“Employers should ensure workers have been notified of any monitoring and have a clear monitoring standard or policy document, to explain their internal procedures for both systematic and occasional monitoring. Transparency is a core theme throughout the guidance,” she said.

Data protection laws in the UK, set out under the UK General Data Protection Regulation (GDPR) and Data Protection Act 2018, do not prohibit the use of monitoring technologies by employers. However, employee monitoring must be done in a way which is consistent with data protection laws and other applicable legislation relevant to the organisation in question, such as the Human Rights Act 1998 and Equality Act 2010, as it involves an intrusion to an individual’s privacy.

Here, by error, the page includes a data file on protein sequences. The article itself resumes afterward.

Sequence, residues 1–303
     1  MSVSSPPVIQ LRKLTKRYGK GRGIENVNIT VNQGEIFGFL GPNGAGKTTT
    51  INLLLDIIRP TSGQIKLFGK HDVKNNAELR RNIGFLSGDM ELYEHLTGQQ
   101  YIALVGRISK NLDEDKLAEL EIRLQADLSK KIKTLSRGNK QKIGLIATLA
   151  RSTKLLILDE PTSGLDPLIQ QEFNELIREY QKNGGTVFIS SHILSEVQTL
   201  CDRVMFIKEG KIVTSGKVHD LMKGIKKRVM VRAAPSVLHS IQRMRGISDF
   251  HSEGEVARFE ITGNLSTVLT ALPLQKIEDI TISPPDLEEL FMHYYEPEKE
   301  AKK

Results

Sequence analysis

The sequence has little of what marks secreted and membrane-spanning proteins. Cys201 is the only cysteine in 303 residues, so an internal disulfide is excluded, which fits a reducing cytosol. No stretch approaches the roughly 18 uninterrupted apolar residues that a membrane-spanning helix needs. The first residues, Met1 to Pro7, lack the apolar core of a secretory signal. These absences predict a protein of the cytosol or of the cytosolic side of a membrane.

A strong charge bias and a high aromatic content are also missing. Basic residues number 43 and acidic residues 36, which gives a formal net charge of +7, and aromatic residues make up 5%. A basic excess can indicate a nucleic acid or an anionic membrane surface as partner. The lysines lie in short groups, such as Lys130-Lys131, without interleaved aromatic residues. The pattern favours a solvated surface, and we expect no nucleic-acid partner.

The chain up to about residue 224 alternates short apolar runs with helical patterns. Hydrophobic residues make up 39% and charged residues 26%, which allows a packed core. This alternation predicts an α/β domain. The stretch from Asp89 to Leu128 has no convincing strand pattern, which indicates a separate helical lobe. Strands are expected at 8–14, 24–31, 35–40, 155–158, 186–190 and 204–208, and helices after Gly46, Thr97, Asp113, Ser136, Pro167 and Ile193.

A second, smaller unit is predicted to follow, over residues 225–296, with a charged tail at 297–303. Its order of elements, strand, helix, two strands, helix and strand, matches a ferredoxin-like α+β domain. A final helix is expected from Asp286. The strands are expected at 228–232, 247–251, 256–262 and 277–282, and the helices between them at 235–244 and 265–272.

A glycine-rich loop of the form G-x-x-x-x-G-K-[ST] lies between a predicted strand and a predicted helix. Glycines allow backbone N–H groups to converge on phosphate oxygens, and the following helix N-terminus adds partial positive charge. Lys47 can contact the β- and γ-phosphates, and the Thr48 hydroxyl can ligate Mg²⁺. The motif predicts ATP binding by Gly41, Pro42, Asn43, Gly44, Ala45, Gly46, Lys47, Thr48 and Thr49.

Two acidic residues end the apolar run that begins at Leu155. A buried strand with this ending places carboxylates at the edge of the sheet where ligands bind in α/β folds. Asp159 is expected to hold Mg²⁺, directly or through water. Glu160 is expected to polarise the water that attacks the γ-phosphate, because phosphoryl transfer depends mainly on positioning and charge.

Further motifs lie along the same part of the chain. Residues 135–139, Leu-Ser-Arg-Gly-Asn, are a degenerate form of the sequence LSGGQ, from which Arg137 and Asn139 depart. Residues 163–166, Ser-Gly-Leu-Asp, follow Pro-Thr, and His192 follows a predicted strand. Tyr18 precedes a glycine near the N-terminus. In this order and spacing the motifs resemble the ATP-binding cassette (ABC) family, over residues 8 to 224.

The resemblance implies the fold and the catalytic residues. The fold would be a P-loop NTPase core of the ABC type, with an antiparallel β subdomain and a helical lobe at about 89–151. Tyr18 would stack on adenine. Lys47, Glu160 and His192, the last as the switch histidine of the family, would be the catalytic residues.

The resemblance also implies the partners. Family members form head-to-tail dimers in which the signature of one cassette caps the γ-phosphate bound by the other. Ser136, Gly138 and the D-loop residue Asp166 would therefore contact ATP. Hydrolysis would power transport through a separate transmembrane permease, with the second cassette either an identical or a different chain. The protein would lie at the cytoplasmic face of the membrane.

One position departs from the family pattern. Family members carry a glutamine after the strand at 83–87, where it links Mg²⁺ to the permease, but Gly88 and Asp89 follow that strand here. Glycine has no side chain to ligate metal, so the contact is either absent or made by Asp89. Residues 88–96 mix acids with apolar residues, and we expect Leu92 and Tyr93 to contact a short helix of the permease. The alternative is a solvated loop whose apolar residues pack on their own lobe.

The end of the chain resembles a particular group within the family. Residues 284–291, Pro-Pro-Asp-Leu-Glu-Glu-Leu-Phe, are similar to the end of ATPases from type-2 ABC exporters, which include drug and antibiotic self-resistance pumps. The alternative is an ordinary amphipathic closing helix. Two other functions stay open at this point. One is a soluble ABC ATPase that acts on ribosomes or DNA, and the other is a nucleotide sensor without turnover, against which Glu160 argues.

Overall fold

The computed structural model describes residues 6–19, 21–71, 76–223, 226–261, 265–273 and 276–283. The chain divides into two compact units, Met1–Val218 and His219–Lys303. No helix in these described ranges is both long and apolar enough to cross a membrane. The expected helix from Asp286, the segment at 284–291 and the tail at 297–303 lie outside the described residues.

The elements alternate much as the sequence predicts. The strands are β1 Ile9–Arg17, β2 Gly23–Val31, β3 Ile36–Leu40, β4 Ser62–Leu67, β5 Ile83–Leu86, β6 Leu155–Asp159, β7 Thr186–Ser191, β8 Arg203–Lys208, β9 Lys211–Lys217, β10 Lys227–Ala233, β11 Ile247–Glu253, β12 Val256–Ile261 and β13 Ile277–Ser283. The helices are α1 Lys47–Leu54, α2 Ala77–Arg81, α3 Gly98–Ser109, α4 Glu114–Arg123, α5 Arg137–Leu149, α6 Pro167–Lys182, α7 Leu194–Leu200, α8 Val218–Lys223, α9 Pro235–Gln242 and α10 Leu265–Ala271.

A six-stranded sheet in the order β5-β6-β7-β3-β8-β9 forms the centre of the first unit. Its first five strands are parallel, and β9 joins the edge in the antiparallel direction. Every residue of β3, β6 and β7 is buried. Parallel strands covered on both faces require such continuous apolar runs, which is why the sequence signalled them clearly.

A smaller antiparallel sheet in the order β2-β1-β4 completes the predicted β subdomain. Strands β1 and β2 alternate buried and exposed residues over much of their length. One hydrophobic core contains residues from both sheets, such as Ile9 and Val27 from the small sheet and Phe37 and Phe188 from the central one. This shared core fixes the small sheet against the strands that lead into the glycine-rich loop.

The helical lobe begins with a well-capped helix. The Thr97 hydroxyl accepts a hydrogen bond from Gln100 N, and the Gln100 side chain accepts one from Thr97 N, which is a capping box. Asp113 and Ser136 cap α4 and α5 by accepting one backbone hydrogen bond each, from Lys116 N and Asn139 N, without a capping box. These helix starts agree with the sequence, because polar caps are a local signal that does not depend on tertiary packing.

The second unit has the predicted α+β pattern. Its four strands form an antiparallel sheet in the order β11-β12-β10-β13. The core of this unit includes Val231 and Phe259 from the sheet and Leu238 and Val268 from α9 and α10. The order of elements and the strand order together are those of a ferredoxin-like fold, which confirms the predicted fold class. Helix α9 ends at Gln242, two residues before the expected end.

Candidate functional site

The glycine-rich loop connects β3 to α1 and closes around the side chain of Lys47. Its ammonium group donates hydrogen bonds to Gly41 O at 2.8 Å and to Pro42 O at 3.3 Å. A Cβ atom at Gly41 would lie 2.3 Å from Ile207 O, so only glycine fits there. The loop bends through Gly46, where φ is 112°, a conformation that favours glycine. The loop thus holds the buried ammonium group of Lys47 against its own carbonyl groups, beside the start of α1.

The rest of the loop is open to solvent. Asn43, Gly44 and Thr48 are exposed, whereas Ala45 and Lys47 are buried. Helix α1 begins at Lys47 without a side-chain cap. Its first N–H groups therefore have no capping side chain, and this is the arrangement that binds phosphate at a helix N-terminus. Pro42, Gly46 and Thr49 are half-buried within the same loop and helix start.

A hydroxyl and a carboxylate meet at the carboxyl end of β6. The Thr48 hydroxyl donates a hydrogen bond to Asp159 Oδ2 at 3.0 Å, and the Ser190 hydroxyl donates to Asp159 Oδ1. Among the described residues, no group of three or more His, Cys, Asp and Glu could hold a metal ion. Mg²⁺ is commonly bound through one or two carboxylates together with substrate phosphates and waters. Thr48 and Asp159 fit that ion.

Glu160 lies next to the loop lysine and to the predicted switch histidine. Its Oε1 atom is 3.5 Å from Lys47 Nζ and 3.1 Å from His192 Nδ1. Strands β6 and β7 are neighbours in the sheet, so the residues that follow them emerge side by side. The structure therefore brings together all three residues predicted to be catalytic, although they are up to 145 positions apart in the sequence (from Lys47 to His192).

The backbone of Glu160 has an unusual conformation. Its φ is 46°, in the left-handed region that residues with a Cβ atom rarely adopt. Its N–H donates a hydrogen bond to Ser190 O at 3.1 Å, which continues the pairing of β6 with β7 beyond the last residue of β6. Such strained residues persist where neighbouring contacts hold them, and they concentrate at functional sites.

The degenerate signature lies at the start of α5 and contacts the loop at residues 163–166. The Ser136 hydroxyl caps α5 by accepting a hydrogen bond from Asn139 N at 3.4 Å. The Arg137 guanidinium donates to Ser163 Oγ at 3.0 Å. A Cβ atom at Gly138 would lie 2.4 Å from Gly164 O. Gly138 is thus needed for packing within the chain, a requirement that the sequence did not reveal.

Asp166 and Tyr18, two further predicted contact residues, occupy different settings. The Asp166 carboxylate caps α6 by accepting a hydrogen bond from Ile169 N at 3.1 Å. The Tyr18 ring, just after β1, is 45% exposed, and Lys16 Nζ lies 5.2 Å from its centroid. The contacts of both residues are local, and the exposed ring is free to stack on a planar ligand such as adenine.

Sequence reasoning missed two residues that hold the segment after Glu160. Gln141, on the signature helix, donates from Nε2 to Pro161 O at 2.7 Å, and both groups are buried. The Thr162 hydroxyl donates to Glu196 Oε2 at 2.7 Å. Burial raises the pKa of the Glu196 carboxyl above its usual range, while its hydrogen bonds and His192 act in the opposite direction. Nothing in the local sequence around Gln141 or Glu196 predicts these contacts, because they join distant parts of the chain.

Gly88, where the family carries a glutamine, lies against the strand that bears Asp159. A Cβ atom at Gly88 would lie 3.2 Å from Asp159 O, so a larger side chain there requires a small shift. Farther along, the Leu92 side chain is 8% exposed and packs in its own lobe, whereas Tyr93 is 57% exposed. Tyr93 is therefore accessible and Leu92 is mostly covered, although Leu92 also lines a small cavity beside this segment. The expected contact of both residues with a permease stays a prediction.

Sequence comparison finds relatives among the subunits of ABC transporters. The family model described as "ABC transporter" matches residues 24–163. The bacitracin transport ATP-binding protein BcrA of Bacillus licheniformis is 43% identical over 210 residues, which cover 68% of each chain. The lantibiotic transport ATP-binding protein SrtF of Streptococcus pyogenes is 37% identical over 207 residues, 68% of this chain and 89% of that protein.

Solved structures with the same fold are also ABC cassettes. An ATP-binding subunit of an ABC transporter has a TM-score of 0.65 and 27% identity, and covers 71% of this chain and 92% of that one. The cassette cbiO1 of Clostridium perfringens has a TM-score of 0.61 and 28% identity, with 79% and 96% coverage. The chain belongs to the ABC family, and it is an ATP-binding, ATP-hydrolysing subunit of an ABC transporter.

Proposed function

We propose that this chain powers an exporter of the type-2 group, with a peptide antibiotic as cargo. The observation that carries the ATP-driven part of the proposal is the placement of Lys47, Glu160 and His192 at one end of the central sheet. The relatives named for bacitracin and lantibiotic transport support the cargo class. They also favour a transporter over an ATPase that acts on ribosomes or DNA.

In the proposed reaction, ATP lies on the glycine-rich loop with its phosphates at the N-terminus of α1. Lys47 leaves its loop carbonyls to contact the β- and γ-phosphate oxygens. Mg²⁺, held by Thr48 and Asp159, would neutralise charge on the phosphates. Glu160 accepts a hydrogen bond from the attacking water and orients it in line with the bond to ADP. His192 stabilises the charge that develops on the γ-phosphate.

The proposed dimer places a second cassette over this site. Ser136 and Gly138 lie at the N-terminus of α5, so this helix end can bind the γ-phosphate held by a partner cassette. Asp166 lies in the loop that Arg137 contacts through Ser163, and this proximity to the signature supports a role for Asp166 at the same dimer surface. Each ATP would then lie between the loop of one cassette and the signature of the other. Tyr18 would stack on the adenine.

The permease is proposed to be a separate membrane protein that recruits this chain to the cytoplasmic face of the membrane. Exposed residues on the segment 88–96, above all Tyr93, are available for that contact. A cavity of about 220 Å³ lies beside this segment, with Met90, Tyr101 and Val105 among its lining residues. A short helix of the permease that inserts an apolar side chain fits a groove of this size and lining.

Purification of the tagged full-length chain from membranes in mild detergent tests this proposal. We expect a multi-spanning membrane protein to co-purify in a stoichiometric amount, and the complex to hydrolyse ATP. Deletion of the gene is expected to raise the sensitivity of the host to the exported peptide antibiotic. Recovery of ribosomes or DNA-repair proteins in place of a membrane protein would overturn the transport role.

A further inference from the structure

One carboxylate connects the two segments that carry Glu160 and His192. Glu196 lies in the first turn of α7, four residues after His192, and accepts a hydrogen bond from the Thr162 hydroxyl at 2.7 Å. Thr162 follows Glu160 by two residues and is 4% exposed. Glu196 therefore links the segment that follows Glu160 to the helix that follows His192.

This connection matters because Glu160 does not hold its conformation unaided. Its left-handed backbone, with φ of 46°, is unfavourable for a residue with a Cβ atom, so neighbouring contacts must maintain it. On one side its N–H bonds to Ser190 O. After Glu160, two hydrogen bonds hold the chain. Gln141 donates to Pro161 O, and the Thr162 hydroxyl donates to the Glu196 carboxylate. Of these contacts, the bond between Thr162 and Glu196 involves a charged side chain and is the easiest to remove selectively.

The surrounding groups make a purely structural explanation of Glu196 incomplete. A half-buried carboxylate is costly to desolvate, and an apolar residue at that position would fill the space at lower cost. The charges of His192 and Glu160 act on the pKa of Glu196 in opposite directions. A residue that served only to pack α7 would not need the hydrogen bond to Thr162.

Employers must have a lawful ground for monitoring workers. There are six lawful grounds for processing personal data under UK data protection law.

The ICO said that the ‘legitimate interests’ is “the most flexible” of the lawful bases for employee monitoring. To rely on that ground, organisations must carry out a balancing exercise and have to carefully consider if there is in fact a legitimate interest behind the processing; if the processing is in fact necessary for that legitimate purpose; and if the legitimate interest is overridden by the individual’s rights, interests and freedoms. The ICO said the ‘legitimate interests’ ground cannot be relied on for employee monitoring “if you can reasonably achieve the same result in a less intrusive way”.